Let’s bring a time-weighted perspective to this one, zooming out from the personal to the more global, and the short-term to the long-term as we, human beings, instinctively tend to do.
- Is your own wellbeing prospect hot or not?
- Is the economy hot or not?
- Is the planet hot or not?
One thing is for sure, global temperatures are rising. Again, it might be colder or rainier where you are now, but the average global temperature topped previous records this week.
Even the ever-doubting St Thomas would notice the effect of wildfires in Canada on the deterioration of air quality in New York city. As it affects our wellbeing in the here and now, this should existentially become #1 consideration.
Yet, we lack an economic incentive to do so. As it stands, it is more “economical” to buy disposable clothes at Zara or H&M, a cheap throw-away imported plastic kid’s toy on Amazon, or fly a tenth of the world’s population to Mars as a planet-B escape plan. These initiatives oil the cogs of global economy, and allow us to grow collectively.
Some initiatives attempted to clumsily package economic incentives and environmental-friendly developments. ESG was first seen as a shrewd top-down approach on how money should be channeled to eco-friendly practices. Sadly, it was perceived as an almost-sanctimonious stratagem imposed by investors onto the free judgement of liberal economic actors. It backfired badly on Blackrock lately.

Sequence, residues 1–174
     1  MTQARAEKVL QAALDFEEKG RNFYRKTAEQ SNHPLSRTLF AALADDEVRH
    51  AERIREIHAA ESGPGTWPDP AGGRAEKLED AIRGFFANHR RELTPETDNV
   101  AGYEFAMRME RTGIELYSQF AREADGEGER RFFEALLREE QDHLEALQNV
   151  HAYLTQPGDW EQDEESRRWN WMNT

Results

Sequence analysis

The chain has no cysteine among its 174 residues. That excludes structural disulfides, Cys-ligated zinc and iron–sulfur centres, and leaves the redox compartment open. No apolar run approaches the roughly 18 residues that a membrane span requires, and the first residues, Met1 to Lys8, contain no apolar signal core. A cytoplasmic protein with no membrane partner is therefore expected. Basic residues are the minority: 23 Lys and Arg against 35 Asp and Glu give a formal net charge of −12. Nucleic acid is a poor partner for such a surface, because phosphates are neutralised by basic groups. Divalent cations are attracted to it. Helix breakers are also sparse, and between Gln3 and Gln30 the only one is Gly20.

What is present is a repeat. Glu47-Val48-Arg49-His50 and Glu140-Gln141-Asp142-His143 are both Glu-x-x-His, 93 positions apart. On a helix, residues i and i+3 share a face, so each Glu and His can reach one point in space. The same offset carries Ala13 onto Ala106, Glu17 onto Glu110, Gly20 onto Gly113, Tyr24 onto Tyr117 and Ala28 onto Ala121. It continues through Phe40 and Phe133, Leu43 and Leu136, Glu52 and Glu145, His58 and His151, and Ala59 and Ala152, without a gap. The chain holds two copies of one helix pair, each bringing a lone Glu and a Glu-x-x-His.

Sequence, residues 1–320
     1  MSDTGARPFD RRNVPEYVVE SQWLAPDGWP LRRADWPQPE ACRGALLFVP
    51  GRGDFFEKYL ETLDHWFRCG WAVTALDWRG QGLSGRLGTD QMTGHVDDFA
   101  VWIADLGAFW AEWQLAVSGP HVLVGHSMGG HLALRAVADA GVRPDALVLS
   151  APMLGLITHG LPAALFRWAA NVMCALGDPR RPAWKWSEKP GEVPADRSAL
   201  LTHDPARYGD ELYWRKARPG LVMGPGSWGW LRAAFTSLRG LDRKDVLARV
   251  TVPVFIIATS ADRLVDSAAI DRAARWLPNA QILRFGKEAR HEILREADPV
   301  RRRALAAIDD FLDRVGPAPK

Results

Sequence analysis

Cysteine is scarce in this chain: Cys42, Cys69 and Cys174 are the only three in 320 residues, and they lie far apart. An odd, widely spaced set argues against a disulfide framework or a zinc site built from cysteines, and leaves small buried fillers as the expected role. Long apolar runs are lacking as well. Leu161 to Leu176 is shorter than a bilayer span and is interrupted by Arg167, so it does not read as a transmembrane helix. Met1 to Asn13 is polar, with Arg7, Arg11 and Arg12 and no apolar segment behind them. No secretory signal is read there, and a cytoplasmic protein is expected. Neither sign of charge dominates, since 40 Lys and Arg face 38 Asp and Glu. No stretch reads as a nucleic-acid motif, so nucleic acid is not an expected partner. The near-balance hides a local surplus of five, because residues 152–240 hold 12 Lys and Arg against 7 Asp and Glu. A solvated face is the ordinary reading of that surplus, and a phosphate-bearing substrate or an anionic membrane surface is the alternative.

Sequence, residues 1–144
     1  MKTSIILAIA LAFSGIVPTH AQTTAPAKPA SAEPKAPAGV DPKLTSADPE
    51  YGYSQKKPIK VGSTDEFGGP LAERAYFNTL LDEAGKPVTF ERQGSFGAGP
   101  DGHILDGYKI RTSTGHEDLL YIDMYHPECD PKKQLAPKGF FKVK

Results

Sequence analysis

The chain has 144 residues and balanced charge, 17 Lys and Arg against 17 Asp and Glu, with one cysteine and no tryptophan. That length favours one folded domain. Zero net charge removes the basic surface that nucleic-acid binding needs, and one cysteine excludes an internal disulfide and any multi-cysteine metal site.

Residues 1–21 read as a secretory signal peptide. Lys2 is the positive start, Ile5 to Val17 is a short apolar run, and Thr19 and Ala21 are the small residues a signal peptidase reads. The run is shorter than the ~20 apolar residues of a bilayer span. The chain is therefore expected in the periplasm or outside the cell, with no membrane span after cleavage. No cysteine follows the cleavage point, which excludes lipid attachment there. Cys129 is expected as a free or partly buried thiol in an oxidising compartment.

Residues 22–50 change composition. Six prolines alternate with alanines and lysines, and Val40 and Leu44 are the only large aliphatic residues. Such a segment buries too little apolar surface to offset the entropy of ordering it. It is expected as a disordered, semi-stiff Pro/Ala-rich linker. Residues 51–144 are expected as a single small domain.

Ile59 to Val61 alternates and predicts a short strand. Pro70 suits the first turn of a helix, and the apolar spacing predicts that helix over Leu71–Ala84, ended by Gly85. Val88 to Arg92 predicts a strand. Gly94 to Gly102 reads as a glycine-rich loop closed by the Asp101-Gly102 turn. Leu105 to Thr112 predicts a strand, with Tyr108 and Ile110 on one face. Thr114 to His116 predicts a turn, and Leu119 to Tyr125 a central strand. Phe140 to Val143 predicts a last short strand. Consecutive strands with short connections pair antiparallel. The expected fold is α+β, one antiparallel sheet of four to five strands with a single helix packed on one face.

Although the name has not been ditched, as it probably should, ESG is now rebooted into a progressive partnership with industries to track & reward progress toward a more conscientious and productive use of planet resources. This should be more warmly received.
Another one is Green investments, which target infrastructure projects that are meant to have positive environmental impact e.g. rejuvenation of power grids, sustainable farming, and energy-lighter transportation. Not only these investments directly greenify the backbone of our economies, but also give incentives to individuals by creating new jobs.
However, vastly nothing has been done to directly nudge the consumer. At the core, we want to avoid frugalism that could lead to vicious de-consumption. Consumption means happiness. Happiness is good for business. So the cycle goes on.
No one wants a disgruntled and sad-looking consumer that package-recycles into exhaustion, and frowns upon anybody who enjoys a piece of steak or rides a petrol car. Therefore Government are incentivizing companies to change long-established supply chain practices to gradually nudge consumers into greener practices, without radically changing their consumption habits.
Is that enough? Following the market-oriented idea, why not putting a price on resources that we usually take for granted, as DiPerna suggests in “Pricing the Priceless”, such as oceans, air, wildlife and forests.
Going further, I argue that consumers would benefit from clear KPIs on how their consumption habits impact their environment, and their direct wellbeing as a result.
- Yuka provides an app to track excess processing in food items,
- Airlines highlight the carbon footprint linked to flight trips, or
- Boston-based SpareIt help educate companies’ employees around the waste quantity they generate.
We probably need to even have companies reward sustainable consumption. By making the economic and health benefit real and personal, we would have a more productive attempt at winning minds, as well as hearts.